View from the speedboat
So the top gear journey of the year begun. We left Puhket bright and early stood on the side of the road waiting for a bus. The fact that there was no bus stop or timetable didnt matter as we knew it would come but we hoped it would stop for us. The journey to Ko Pahyam would see us lug our bags onto the bus, a coach to Ranong where we were picked by Vijit (the guy who owned the accommdation) in his pick-up truck, then we got his speed boat to make the 30min trip to Ko Payham where we were greeted by a Utar truck that would carry our bags to the bungalows. One thing about Ko Payham is that there are no roads. Well actually there are roads but roads only big enough to fit motorbikes and very small trucks on. I would say that they are 5" in width. I digress slightly but this got me thinking- did they deliberately make the roads that small as to limit the infrastructure and therefore curb the inevitable two-headed beast that is tourism or did they just decide that they had done enough for the day and finish early.
The dreamer in me would like to say it was a bit of both but I suppose ill never know. Even so the roads are that small that the only way round is motorbike so with our bags on the milk truck we rented mopeds and followed it to our next 'home' via 5' path and then dirt track!!. We arrived in the pitch black but were greeted by 5 or 6 of Vijits extended family. They helped us with our bags and we checked in. The rooms were basic, the shower was outside but the bed was comfortable and it was late.
The next few days at Vijits were bliss. It was very quiet, the people were so helpful and the beach was less than 60 secs walk from our room. I think the afore mentioned road issue has an impact on the amount of visitors to the island but I liked that. While we stayed at Vijits we never saw more than 8 residents!!! Kind of cool to think that we had the beach to ourselves. So after a quick tour of the island (it was very quick because there are only 4 'roads' and there are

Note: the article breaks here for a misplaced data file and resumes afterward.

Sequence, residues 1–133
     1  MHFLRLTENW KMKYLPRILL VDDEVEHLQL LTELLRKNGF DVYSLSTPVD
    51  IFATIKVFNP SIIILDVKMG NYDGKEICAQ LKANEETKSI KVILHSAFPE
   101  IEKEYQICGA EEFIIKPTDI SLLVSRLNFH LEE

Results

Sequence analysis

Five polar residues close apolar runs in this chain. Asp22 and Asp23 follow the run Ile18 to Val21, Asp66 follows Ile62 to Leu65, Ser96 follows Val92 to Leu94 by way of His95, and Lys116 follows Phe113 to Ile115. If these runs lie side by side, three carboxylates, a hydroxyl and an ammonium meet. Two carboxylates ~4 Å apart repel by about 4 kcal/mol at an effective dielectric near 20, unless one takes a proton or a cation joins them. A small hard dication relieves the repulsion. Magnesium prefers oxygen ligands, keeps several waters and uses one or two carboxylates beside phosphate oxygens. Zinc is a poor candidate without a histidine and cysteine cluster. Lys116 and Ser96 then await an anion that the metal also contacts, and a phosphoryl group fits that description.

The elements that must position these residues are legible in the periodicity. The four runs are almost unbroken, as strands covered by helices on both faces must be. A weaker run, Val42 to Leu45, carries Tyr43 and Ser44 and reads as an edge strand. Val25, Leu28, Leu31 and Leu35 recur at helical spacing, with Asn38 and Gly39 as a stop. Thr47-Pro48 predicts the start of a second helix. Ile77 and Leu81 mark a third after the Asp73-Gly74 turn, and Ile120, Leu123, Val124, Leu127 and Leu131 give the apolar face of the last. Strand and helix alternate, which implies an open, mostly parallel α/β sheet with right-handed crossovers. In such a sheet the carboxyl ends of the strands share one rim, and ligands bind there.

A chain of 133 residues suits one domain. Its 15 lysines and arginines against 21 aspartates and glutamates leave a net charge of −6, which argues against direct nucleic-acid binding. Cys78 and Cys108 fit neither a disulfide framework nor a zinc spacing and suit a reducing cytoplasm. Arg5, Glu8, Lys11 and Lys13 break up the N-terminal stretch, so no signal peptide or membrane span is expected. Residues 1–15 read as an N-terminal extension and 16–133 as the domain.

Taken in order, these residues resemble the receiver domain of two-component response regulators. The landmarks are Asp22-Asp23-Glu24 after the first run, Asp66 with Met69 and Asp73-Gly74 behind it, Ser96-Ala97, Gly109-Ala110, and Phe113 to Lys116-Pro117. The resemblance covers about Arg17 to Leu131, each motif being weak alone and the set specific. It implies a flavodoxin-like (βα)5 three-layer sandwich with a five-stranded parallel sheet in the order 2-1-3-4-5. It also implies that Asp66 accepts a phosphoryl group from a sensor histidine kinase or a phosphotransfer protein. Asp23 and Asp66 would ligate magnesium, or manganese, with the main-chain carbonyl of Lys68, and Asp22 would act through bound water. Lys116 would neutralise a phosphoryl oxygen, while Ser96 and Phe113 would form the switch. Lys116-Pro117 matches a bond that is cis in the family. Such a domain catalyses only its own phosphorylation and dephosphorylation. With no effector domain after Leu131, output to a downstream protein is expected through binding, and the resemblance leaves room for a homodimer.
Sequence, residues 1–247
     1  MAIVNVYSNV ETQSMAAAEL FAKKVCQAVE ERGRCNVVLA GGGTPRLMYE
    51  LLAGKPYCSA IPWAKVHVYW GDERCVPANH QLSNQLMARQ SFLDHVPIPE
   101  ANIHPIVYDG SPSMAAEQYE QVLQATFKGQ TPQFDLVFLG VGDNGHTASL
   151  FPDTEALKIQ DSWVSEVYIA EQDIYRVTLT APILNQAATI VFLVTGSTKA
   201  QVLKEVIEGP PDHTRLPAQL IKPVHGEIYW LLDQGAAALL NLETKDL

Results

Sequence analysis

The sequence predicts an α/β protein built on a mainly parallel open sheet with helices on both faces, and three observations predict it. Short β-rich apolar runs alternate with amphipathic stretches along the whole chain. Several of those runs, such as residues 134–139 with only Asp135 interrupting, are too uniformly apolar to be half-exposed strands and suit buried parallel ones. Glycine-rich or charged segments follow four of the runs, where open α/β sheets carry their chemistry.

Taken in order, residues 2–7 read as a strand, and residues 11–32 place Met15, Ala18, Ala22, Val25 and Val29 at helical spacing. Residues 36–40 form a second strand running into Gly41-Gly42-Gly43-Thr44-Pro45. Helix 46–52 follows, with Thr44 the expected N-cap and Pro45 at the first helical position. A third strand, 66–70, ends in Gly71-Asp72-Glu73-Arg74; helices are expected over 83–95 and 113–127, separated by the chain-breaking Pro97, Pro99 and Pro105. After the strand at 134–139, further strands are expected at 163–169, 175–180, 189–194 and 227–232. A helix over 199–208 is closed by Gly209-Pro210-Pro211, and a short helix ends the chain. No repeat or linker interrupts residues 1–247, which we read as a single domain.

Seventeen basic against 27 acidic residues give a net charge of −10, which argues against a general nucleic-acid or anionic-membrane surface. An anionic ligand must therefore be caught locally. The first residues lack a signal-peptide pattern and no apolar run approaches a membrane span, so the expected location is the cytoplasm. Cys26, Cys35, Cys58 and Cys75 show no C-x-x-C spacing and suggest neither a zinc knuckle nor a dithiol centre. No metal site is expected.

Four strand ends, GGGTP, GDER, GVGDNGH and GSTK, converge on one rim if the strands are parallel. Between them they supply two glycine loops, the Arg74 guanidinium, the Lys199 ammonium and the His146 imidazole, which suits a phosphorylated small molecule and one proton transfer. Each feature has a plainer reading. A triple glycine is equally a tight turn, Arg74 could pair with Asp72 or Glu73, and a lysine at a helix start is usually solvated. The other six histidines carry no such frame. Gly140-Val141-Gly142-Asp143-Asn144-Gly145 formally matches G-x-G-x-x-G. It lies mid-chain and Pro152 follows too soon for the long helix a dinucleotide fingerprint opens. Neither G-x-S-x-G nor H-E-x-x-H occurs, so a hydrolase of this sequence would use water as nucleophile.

only 500 inhabitants) we settled in for a few games of pool and booked ourselves in for a sunday lunch the following day at the only English bar. For the next few days we literally recharged our batteries. The 'things to do' section of the Ko Payham brochure is very limited but that was good for us as we spent the time on the beach and being looked after by the very helpful staff. The main notes of interest were that Dean and I shaved our heads on the beach and Barry, Elaine & Sam consumed a whole bottle of Samsung one night playing Blackjack with the funniest most made up rules I've ever heard i.e. Dean 'my rule is that all of the two's and red jacks are the same as black jacks so you have to pick up 5 cards' Hilarious!!!!
So after the duracells were on full we made plans to leave Ko Payham and head for Bangkok. It was at this point that Kate and I decided to skip Bangkok and head straight for Kanchanaburi. The rest of the gang wanted a few more days in the capital but Kate & I decided that our
kidneys needed further rest and that Bangkok's Chang Towers would not help in doing this. So we would repeat the journey back to Ranong but this time we opted out of the speedboat and got on a ferry (it sold chang so i didnt matter that it took an extra 90mins).
Before I wrote this blog I mentioned the mission we went through to get to from Phuket to Ko Pahaym ( i think all in all it took 12 hours) but little did i know that the next stage to Kanchanaburi would be like a stage from the tour-de-thailand and would take Kate and I 26 hours door-to-door!!! We left Vijits at 11.47am on Sunday and arrived at the Jolly Frog (yes thats right) at 13.52 on Monday. Here how it went: a 2 hour journey on a ferry, waited for 2 hours before getting a 3 hour coach journey to Chumpon, missed the train so waited another 2 1/2 hours for next available train, a 10 hour night train to Bangkok, a stressful 1 hour taxi journey to the bus station after we dropped the guys off on the Ko San road (because no fecker knew where
Little House on the Prarie